As I have worked to put this into practice, I have become more well acquainted with the ‘feeling,’ of giving in this way. It’s like this– if you get the impulse to give, a vacuum of Zen and detachment to the object immediately forms. You have one of two options:

  1. Follow your impulse into that void, and give the object in question without apprehension. I have found that, if the impulse to give suddenly exists, then the giving is right– I have yet to experience this impulse when it would have strained me past my own well-being.
  2. Or you hesitate, and allow the vacuum to suddenly fill and close. The human mind will rationalize a thousand reasons why the action should not be fulfilled. The moment passes, and the impulse to give has faded.

It’s a strange place, that Zen pocket, and I’m still learning to throw myself into it without baulking. I am not 100% consistent in this, but today I did it alright.

I saw two of my favorite 7th grade girls on the street, Lăcră and Laura. We stopped and hugged and excitedly chatted for a few minutes, lauding summer and lamenting my nearing departure from Romania. I mentioned all of my recent adventures– Retezat, Turkey, etc..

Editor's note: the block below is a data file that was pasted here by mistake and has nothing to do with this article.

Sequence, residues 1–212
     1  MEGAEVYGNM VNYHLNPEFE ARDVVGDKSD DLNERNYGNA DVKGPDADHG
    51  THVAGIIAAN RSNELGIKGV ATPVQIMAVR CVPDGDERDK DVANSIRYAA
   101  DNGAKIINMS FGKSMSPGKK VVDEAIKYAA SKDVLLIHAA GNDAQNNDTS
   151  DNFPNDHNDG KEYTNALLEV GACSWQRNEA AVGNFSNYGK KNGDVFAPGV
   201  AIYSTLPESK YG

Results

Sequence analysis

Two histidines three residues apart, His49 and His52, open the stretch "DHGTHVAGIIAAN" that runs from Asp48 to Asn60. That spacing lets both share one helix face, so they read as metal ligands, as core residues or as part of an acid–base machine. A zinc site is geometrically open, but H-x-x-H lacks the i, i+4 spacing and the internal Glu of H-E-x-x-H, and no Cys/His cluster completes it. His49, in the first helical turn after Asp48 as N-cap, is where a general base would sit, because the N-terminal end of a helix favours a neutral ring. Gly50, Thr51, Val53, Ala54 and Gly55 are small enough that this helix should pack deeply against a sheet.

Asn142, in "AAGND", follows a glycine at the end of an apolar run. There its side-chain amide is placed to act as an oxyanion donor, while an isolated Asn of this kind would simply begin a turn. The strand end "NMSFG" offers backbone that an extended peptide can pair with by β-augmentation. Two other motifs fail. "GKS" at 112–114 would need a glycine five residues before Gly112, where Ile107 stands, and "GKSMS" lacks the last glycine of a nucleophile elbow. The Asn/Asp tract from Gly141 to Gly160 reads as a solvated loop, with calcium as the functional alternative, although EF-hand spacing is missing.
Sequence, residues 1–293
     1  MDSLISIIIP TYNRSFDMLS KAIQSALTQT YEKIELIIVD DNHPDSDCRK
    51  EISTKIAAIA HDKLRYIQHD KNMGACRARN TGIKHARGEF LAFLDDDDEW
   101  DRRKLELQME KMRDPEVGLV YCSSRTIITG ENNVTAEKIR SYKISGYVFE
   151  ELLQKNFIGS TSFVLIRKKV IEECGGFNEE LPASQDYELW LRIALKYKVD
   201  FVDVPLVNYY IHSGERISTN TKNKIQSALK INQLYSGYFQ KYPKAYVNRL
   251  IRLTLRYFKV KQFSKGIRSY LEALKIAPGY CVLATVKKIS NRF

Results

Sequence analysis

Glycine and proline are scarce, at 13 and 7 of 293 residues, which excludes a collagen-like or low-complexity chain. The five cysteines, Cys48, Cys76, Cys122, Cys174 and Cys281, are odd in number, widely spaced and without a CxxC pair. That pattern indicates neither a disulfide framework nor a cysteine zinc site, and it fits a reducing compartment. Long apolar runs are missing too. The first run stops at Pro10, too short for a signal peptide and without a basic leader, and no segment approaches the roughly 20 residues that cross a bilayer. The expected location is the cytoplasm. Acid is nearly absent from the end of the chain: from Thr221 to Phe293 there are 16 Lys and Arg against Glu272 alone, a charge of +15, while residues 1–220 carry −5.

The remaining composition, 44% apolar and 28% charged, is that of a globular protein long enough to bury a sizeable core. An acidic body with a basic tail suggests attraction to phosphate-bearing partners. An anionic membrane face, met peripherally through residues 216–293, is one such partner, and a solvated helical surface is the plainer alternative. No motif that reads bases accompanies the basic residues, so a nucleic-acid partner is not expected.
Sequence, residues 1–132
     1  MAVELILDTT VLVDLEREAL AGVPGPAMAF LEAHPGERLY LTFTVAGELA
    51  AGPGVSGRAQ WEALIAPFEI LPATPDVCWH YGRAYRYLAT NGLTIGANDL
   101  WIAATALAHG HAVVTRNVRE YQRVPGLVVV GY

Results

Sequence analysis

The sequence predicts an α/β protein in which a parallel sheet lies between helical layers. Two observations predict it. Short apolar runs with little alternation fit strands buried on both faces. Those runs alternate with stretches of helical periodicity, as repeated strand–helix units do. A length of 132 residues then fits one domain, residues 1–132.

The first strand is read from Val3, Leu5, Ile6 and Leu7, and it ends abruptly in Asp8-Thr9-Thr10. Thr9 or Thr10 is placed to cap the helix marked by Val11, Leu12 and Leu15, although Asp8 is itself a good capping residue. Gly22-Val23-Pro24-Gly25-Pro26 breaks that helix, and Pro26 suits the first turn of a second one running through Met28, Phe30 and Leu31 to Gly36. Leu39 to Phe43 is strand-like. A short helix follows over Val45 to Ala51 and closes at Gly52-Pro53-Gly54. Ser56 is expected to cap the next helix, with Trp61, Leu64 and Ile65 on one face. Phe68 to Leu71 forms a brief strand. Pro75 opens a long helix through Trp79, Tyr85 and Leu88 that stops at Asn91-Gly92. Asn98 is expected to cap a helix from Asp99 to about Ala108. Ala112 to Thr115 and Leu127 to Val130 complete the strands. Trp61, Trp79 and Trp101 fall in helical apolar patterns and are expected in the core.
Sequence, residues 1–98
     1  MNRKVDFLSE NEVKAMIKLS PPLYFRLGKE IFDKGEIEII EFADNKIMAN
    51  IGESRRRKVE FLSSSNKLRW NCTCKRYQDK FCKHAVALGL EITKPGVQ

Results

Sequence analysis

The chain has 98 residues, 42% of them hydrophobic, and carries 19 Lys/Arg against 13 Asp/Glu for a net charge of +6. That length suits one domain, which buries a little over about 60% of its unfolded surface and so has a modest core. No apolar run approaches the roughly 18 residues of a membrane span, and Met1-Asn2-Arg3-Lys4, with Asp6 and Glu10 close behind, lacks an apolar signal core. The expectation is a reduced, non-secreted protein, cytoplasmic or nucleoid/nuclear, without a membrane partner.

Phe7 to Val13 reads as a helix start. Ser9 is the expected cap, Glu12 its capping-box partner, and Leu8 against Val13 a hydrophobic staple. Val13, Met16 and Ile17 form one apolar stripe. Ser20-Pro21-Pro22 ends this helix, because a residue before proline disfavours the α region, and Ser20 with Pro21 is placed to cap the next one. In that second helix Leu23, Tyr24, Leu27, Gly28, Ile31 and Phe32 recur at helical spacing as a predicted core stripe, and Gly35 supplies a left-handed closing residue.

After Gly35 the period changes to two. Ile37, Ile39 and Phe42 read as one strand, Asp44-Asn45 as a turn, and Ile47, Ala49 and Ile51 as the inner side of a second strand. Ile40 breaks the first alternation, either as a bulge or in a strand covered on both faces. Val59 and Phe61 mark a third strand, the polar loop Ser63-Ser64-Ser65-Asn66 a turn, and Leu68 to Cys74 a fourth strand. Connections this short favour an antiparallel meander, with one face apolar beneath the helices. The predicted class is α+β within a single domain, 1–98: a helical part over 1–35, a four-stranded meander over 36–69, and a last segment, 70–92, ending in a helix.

Lăcră looked to my wrist, where I was wearing a deep blue, Nazar bracelet made of glass. I had bought 3 of them in Turkey: a rainbow one for my brother, and a yellow and black one for a lover. This blue one would be mine.

“I love this!” Lăcră squealed as she grabbed my wrist to admire it more closely. “You got this in Turkey?”

The Zen void immediately presented itself. I looked deep into it, and leapt through.

“Here,” I said, “You can have it.” I quickly pulled the bracelet off my wrist and pushed it into Lăcră’s hand.

“Oh my god!” she happily exclaimed. “Really?!”

“Yes– something to remember me by.”

We chatted a few more minutes, and then I excused myself to finish my errands. I hugged the girls goodbye– I know I may not see them again– and I went along my way. My naked wrist felt liberated. I didn’t miss the bracelet– I was happy that it had found its way to Lăcră’s light.

August 4, 2010, 8:12 pm
Filed under: Peace Corps Romania | Tags: , , , , , , , , , ,

Harlem and I tried to leave Turkey on Monday, July 26th.

The bus website listed the time of departure as 5PM. Thereby, Harlem and I showed up at the respective travel office at around 3:40, PM. When we arrived, the place was dark, and its sliding glass door was opened ever so slightly. Bad omens.

Inside, we found a friendly, albeit sleepy, Turk sprawled into two of the arm chairs in the adjoined waiting room. He happily explained to us that, during the summer, the bus leaves Istanbul at 3:00 PM, and that our only option was to come back the following day, at two.

I worried that we’d be imposing on Duygu, by suddenly staying at her place another unexpected night. I considered checking into a hostel for the evening, if only to alleviate our presence from her, our wonderful hostess.

Outside, we explained the situation to Dugyu, and her eyes widened. She excitedly hugged us both.

“One more day with Harlem and Joem!” she exclaimed.

So, we still had a place to stay.